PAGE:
On July 3rd at around 11 a.m., dozens of people in England saw what they described as a long silvery cigar shaped flying object. Most of the witnesses said the object appeared out of nowhere. One woman said she saw the shadow of the object first, because it was a bright sunny day, when suddenly a huge shadow swept over the nearby streets. People looked up and saw what was described as a Zeppelin or an airship.

Some estimated the airship?s size to be 300 feet in length, others said it was about 150 feet long. Minutes later, the police and Liverpool Airport received calls from people who reported an unidentified object travelling towards Liverpool City Center. The airport was naturally concerned because whatever the object was, it posed a danger to any planes coming in or taking off at the airport. However, the radar screens of the air traffic controllers showed that there was nothing unusual in the skies.

Reports continued to flood in to newspaper offices and radio stations across the region. The airship was seen flying very low at times, and office workers in Liverpool saw it coming in at what looked like rooftop level. Miss Roberts, a secretary at an office building in the area, was so convinced the airship was going to hit the building she was in, she ran to the stairwell and down the steps. Fortunately, the unidentified craft drifted past the building and floated away. Several patrons in McHales bar and the Crown pub were sitting outside, enjoying the sunshine as they drank, and probably thought they’d had too much to drink when they saw the torpedo-shaped object fly overhead.According to various reports, the airship then passed over several cities and ended up over Blackpool, where a woman reported seeing a silvery blue cigar shaped craft off the coast, about a mile out. This was around 8 p.m. that night.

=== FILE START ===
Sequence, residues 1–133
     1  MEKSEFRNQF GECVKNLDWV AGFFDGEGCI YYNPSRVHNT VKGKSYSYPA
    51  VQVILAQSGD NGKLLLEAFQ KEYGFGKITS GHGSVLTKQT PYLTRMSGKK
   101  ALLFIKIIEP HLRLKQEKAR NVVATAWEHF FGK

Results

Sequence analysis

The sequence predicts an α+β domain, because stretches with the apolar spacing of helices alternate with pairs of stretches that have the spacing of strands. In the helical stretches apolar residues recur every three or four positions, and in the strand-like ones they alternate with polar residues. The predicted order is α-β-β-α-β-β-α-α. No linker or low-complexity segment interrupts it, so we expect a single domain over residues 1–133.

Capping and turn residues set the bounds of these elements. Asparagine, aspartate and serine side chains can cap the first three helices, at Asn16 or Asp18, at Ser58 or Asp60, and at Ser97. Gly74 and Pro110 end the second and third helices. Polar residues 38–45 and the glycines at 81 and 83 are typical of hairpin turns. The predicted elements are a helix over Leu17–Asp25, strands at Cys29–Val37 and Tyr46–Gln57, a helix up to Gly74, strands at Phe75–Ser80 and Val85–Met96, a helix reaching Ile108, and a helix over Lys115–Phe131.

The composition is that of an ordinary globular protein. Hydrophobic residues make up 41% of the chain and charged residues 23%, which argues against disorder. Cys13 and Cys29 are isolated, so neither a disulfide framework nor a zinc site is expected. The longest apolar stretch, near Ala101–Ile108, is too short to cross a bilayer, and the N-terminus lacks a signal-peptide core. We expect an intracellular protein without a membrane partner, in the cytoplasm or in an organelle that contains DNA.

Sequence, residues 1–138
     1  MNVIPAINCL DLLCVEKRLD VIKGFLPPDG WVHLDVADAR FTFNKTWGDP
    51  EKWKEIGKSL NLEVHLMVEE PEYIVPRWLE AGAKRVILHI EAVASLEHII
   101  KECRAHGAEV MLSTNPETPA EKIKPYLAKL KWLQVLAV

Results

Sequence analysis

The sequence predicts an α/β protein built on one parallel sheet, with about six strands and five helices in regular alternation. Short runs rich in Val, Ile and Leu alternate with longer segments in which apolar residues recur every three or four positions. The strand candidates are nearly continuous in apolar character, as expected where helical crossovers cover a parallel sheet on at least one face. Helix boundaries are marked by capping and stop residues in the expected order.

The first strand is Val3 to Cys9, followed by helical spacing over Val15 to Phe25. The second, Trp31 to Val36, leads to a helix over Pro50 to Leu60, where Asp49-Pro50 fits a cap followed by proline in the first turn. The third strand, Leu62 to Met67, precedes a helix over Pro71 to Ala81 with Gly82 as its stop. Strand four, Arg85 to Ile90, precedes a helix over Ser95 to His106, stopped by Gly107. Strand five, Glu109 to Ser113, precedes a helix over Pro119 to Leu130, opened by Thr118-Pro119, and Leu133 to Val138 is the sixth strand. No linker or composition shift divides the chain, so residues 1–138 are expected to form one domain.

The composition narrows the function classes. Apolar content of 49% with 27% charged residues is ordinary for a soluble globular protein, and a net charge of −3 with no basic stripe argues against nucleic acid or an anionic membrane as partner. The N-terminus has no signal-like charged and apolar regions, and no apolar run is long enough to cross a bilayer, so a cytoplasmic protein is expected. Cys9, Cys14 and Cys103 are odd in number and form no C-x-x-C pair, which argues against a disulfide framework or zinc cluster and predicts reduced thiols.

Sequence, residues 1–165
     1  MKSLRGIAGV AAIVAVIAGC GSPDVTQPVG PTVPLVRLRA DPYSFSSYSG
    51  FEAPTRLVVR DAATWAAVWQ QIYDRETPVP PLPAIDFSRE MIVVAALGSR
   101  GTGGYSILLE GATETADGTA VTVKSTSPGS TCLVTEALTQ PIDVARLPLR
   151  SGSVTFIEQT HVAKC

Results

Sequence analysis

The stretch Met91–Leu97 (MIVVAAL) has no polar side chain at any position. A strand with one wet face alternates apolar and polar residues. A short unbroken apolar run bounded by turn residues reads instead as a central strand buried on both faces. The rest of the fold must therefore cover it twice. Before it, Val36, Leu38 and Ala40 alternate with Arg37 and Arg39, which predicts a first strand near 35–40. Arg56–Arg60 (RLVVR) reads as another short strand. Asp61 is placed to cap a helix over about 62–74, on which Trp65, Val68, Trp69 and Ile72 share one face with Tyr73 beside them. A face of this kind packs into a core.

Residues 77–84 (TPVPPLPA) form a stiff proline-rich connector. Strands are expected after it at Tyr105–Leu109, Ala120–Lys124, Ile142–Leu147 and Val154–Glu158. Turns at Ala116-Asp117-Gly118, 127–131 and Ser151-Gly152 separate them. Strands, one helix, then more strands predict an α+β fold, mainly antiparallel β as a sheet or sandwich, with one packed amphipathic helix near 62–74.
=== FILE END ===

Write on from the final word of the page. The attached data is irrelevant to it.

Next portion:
A tape of what is alleged to be a radio broadcast from the airship was sent to a local radio station from Gareth Maine of Hunts Cross. He is a radio expert who claims to have tracked the airship with a highly directional parabolic dish. Maine picked up male and female voices on a now obsolete medium wave radio band. These voices originated from the airship but he couldn?t understand what they were saying.

After the tape was broadcast, listeners phoned in and claimed the voices in the transmission were speaking a dialect of Japanese. One listener, Mitsunari Okumura, a Japanese student staying in Liverpool, provided the following translation:

Man: Is that it? Is that better?Woman: Yes, the altitude is right.Man: Wind speed is low, and we are over the river. Northerly(?)Woman: Slower. Video now. Slower. Man: The docks. Closer. Change frequency. Another channel (?)Woman: Liverpool Bay. Right seven degrees. Slower.Man: Crosswinds. If I can go in closer I can scan in detail.I?ll try now. Is that better?Woman: No, and don?t go down too low. Try the other cameras.Man: I?ll go down anyway and if it gets risky I?ll come up and head northwest. You?re breaking up slightly. Another channel?(Fades out) Opinion: Maybe it’s a hoax, or maybe some Japanese filmmakers have their own blimp. Or, just maybe, the weird airship controversy of the 1890s has returned to haunt us once again.

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